Friday, July 21, 2017

From Sir Thomas Browne

A signpost on the road to oblivion:

To be namelesse in worthy deeds exceeds an infamous history.

Sir Thomas Browne, Hydriotaphia, Urne-Buriall, or, a Brief Discourse of the Sepulchrall Urnes Lately Found in Norfolk. 1658. From the text in Selected Writings, ed. Sir Geoffrey Keynes (Chicago: University of Chicago Press, 1968).
Related posts
Thomas Browne in The New York Times
Word of the day: quincunx

Royal Motel


[Ozymandias slept here. North Syracuse, New York, early in the morning.]

The sign appears to be repurposed: the pinkish capital letters behind MOTEL spell DINER.

Daughter Number Three has posted a photograph from a different angle.

Related reading
All OCA signage posts (Pinboard)

Thursday, July 20, 2017

Oil and reading habits

Last Thursday, I felt fairly confident that Elaine and I were the only people in the world reading Sir Thomas Browne’s The Garden of Cyrus while waiting for an oil change. This Thursday, I felt extremely confident that I was the only person in the world reading Peter Wohlleben’s The Hidden Life of Trees while waiting for an oil-access cover to be fastened properly in place after a recent oil change. We saw the cover hanging down underneath the car this morning.

And I feel totally confident that I am the only person who read The Garden of Cyrus while waiting for an oil change who then read The Hidden Life of Trees while waiting for an oil-access cover to be fastened properly in place after that oil change.

To and too

Speaking of bad copyediting:


[From a landscaper’s flyer, found on the handle of our storm door.]

One of my earliest posts to Orange Crate Art was about a handyman’s flyer that my dad saved for me. It read “No job to small.” But this landscaper’s flyer, with its attention to capitalization and type size, and its subtle distinction between to and too, beats all. To much!

[In September 2004, Google had 5,950 results for “no job to small” and 34,900 for “no job too small.” Today, it’s 676,000 for to, and 593,000 for too. But it appears that results for too are included with those for to. Google’s Ngram Viewer has no results for no job to small in American English between 1800 and 2008. The Ngram shows “no job too small” spiking in popularity between 1915 and 1922. Why?]

”There’s no excuse
for bad copyediting”


[Dustin, July 19, 2017.]

Fitch’s L, for loser, is backward. Good call, Dustin.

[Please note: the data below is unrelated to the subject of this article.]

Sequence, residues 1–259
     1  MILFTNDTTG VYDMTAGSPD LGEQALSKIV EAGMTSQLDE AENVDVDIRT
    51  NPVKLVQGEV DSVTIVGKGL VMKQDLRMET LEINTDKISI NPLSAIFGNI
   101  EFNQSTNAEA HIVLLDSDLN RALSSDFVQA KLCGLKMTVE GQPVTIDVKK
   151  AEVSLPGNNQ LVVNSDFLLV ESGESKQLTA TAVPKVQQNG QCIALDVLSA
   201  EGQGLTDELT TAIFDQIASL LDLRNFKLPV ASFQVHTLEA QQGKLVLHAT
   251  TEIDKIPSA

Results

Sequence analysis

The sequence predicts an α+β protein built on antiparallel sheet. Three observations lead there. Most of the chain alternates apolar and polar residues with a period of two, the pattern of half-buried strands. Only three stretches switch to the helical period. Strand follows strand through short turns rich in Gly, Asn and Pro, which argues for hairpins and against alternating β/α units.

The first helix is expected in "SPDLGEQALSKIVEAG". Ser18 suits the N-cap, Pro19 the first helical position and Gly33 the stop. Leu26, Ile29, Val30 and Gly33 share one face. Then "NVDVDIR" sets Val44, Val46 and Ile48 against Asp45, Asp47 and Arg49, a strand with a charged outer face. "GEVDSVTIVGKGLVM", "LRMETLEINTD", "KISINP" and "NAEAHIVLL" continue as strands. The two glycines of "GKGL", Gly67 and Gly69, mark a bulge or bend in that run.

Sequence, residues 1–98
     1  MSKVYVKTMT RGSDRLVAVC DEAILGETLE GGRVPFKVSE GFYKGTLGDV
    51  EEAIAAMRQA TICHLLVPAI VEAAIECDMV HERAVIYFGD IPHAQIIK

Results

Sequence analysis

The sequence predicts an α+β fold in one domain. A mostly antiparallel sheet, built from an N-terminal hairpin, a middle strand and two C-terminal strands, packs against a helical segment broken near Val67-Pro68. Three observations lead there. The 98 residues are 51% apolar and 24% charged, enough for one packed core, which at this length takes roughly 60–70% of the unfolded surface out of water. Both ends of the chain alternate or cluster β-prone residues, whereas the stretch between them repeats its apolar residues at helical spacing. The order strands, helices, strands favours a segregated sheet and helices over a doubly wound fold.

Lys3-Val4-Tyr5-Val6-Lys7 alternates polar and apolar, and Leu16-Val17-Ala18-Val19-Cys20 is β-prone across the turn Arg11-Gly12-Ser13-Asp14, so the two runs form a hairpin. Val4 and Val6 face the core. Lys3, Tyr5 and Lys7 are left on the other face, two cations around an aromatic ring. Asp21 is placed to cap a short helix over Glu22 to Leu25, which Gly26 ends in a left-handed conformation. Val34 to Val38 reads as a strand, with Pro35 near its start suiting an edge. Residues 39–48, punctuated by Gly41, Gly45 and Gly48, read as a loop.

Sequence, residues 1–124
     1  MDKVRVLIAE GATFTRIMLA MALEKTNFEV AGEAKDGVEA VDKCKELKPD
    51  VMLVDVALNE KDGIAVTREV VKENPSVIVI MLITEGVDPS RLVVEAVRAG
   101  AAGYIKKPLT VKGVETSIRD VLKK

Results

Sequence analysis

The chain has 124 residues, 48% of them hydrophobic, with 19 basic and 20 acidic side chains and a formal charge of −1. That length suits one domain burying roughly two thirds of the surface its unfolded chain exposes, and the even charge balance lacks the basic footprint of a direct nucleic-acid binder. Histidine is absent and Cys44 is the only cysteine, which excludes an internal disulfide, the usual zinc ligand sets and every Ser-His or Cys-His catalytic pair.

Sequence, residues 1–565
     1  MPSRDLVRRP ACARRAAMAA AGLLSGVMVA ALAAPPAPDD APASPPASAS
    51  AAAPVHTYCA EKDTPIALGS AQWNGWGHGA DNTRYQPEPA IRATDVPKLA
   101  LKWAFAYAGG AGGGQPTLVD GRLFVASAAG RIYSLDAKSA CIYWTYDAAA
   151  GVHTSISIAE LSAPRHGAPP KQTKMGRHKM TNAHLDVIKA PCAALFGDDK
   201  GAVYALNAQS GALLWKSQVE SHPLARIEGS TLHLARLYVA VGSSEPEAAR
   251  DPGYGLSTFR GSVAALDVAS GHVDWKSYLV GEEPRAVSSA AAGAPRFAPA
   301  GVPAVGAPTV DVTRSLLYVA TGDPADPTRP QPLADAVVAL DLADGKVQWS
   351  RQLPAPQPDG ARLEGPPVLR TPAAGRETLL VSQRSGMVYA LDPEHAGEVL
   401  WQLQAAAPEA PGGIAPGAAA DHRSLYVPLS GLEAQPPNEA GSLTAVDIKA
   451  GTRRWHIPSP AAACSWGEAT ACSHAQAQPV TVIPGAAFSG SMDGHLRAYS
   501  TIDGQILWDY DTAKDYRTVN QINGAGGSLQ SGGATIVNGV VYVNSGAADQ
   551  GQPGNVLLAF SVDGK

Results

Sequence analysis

See also this strip’s treatment of phrasal adjectives and “rocket surgery.”

Wednesday, July 19, 2017

More Vivian Maier

From the Chicago Tribune: “Almost 500 never-before-shown Vivian Maier prints have found a new home at the University of Chicago Library, the university announced Wednesday.”

A slideshow of fourteen photographs accompanies the Tribune article.

A related post
Henry Darger and Vivian Maier

Against “Jane”

The novelist Howard Jacobson, on why readers should not refer to Jane Austen as “Jane”:

[I]t is more than an impertinence; it is singularly cloth-eared, considering the precise forms that address takes in Jane Austen’s work. It isn’t only manners that are at stake when one person trespasses on another’s privacy and distance, it’s morality.

In novel after novel, we see how disregard for the niceties of respect will lead to what is described in Mansfield Park as “too horrible a confusion of guilt, too gross a complication of evil.” Outside the barriers that ceremony erects, “barbarism” lies in wait.

And if that sounds altogether too prim and unforgiving a view of human society, then you haven’t read Jane Austen.
See also: museum docents who talk about “Emily.”

Watch-band calendar

A message from the dowdy world arrived in our mailbox: a Myles Kimball catalogue. I was immediately drawn to its watch-band calendar. Because how else will you plan ahead? From the catalogue description:

Always have a calendar handy. Oval brushed-metal watchband calendars wrap easily around your watchband. Reversible: gold-tone on one side, silver-tone on the other, so watchband calendar plates will match most watches. 12 plates in a handy storage pouch. 5/8" x 1 1/2". Fit bands 5/8" to 1" wide.
Not just twelve plates and two tones, but also a handy storage pouch. I daresay that this item out-dowdies anything sold by the Vermont Country Store.

Desk, Kafkaesque

In Karl Rossmann’s room is “an American writing desk of the very finest sort”:


Franz Kafka, Amerika (The Man Who Disappered), trans. from the German by Michael Hoffman (New York: New Directions, 2002).

Another Kafka post
Cabbing with Kafka

Tuesday, July 18, 2017

“It’s getting kind of crowded in here”

As the head count at Trump Tower rises, I am reminded of a great moment in film.


[A Night at the Opera (dir. Sam Wood, 1935).]